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During the total production run of Hammond tonewheel organs, there were several changes made in the number of outputs from the ToneGenerator. This depended on the model and the year the organ was built:

The organ described in LaurensHammonds patent application was never marketed and existed in prototype form only. The tone generator illustrated in the patent produced 89 frequencies starting at C0:

5 tonewheels of 2 teeth 12 tonewheels of 4 teeth 12 tonewheels of 8 teeth 24 tonewheels of 16 teeth 12 tonewheels of 32 teeth 12 tonewheels of 64 teeth 12 tonewheels of 128 teeth

In the patent organ the number of teeth on the tonewheels change at F instead of C as in the production organs. Also note that there are twice as many 16 toothed tonewheels as the other octaves. This required two different sets of GearRatios that changed at F3 to make this odd arrangement of tonewheels work correctly. There are no tones above the sixth octave like there are in the production organs because the hobbing machine used to cut the sinusoidal "teeth" in the tonewheels could not cut 256 teeth. Hammond didn't solve this problem until just before the Model A was introduced (see Early Model info below).

The following organs were produced from the mid 1930's to the early 1940's and have a 91 frequency generator:

Model A: # 1 - # 2,676 Model B: # 4,000 - #10,549 Model C: # 1 - # 1,247 Model D: # 1 - # 3,143 Model E: # 8,000 - # 8,663 Player : # 9,000 - # 9,209 All 91 frequency models have: 12 tonewheels of 2 teeth 12 tonewheels of 4 teeth 12 tonewheels of 8 teeth 12 tonewheels of 16 teeth 12 tonewheels of 32 teeth 12 tonewheels of 64 teeth 12 tonewheels of 128 teeth 7 tonewheels of 192 teeth 5 blank tonewheels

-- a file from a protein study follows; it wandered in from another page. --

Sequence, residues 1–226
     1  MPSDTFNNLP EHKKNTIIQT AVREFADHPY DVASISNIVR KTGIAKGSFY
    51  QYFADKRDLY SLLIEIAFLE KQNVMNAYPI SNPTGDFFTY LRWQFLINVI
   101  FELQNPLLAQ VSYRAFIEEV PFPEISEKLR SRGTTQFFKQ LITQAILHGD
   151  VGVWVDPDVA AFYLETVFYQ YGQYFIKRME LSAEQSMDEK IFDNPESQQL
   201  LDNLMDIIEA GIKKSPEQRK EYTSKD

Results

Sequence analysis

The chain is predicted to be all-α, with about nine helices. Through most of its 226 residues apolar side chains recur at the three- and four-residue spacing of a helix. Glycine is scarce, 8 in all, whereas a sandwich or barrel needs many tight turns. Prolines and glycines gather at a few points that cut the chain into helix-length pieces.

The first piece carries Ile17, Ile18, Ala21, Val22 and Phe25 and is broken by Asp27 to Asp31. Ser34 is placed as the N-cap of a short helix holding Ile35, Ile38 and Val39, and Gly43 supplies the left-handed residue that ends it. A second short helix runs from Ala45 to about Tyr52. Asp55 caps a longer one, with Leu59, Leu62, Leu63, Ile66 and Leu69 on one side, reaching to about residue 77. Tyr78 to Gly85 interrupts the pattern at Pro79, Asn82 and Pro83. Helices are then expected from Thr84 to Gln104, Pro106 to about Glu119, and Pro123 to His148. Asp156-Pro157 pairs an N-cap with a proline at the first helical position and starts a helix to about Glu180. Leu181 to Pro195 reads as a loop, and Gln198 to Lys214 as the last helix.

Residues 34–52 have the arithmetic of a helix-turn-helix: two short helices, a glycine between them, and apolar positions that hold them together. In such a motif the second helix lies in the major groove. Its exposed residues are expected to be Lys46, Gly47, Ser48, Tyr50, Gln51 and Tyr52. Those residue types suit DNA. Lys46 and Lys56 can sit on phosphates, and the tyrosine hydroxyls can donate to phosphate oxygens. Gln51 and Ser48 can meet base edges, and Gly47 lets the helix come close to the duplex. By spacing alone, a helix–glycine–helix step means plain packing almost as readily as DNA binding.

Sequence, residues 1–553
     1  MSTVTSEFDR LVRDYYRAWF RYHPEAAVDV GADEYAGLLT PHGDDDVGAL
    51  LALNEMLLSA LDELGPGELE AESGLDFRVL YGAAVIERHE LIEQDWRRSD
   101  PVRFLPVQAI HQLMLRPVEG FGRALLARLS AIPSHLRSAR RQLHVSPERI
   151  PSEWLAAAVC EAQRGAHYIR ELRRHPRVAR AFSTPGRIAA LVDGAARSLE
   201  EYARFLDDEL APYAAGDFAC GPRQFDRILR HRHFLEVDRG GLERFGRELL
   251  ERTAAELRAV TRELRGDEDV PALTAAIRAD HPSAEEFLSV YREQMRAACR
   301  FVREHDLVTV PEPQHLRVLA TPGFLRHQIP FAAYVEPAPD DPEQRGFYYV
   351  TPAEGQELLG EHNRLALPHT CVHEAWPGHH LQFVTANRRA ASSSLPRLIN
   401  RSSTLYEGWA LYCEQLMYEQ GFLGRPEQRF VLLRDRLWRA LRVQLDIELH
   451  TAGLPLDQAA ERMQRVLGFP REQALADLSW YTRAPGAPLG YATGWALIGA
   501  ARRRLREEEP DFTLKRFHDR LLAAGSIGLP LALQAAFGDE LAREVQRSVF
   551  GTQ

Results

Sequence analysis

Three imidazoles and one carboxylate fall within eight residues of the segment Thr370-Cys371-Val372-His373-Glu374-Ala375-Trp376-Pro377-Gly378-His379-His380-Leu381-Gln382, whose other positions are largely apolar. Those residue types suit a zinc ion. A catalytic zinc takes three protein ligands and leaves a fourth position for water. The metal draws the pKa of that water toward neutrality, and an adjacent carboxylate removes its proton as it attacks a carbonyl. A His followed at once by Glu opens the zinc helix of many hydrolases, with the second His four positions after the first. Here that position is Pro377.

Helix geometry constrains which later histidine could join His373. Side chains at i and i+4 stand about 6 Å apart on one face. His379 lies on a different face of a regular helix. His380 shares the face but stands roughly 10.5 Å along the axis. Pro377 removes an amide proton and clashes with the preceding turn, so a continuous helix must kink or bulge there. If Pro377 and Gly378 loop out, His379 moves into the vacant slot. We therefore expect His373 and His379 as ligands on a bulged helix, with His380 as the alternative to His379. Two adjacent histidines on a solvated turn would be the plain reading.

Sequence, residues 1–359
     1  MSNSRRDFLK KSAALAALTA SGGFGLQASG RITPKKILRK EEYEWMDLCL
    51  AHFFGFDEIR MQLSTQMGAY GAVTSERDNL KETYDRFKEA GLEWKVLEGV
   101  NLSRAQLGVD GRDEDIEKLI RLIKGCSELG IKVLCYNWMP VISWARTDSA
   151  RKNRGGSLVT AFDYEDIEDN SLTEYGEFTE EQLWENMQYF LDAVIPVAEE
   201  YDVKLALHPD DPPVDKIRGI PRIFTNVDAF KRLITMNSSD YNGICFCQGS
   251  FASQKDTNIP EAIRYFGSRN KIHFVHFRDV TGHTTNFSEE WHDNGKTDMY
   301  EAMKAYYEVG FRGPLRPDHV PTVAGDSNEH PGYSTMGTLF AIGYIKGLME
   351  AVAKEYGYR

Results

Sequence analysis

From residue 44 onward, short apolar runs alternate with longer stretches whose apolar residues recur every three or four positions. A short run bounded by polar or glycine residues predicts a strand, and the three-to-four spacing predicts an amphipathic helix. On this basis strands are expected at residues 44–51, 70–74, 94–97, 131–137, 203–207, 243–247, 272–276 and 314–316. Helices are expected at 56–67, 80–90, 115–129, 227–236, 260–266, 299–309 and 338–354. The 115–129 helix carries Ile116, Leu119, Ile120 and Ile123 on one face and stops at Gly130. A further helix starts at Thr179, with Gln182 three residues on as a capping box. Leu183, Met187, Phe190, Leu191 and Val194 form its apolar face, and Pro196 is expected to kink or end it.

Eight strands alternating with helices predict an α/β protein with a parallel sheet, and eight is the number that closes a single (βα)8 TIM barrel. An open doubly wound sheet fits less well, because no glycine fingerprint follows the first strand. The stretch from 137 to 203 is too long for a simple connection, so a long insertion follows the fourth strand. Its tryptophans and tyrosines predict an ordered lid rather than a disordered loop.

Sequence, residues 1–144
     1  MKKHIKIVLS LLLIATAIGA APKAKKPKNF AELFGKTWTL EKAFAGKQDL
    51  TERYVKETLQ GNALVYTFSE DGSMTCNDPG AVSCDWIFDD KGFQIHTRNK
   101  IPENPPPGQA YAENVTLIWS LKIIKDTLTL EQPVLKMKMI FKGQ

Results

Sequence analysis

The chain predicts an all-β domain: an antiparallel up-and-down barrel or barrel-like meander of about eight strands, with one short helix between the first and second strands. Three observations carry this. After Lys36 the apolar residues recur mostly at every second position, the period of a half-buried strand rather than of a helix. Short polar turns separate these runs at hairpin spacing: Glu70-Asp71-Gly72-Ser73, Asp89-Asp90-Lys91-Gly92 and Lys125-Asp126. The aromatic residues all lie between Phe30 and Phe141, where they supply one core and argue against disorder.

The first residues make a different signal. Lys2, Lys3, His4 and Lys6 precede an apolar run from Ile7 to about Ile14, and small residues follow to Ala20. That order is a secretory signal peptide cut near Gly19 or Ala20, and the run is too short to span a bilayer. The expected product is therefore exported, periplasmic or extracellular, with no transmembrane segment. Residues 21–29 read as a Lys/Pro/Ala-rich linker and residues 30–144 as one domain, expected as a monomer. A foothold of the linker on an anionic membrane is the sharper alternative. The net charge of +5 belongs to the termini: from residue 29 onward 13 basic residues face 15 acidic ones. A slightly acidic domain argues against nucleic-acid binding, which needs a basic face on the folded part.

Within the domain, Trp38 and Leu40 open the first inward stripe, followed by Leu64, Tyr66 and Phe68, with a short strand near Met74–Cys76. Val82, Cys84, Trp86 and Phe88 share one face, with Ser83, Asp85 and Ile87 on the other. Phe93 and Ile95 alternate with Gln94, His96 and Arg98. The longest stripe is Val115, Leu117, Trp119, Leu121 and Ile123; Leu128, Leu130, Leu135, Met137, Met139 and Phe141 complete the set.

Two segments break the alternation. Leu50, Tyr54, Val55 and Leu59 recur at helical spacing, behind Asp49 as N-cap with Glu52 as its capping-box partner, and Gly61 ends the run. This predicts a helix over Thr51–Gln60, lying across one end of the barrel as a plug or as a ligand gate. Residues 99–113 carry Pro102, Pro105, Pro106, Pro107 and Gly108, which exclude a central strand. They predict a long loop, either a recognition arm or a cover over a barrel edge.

After the patent was issued and before production began, Hammond figured out a different combination of GearRatios that would change the number of teeth at the Cs rather than at the Fs. To simplify production he kept one standard set of Driving Gears and Driven Gears for each octave.

He also figured out a way to generate a top half octave without 256 tooth tonewheels. The ratio of a perfect fourth to unison is 4:3 or 1.333 times higher. Since 256/192 is approximately equal to 1.333, Hammond cut the top tonewheels to 192 teeth and changed the gear ratio between the driving gears and the driven gears to that a perfect fourth above the desired pitch. In other words, the gear ratio for the upper C was the same as that used on the F tonewheels below it. Because 256/192 is not exactly 1.333, the upper seven pitches are slightly sharper than the other other octaves (another reason a tonewheel generator sounds different than most clones with perfectly divided digital octaves). Only seven tones could be produced using these gear ratios so most generators produce 91 tones. But, because of the way the tone generator was designed, the number of tonewheels in a generator had to be divisible by 12. So five blank tonewheels with no teeth (and no magnetic pickups) were used to keep everything running smoothly.

These early organs also lacked foldback in the lower octaves.

The folowing models were produced during World War II and have an 82 frequency generator:

Model A: # 2,677 - # 2,711 Model B: #10,550 - #17,074 Model C: # 1,248 - #17,074 Model D: # 3,144 - #17,074 Model E: # 8,664 - # 8,739 Model G: # 4,101 - # 7,349 Player: # 9,210 - only All 82 frequency generators have: 9 blank tonewheels 3 tonewheels of 2 teeth 12 tonewheels of 4 teeth 12 tonewheels of 8 teeth 12 tonewheels of 16 teeth 12 tonewheels of 32 teeth 12 tonewheels of 64 teeth 12 tonewheels of 128 teeth 7 tonewheels of 192 teeth 5 blank tonewheels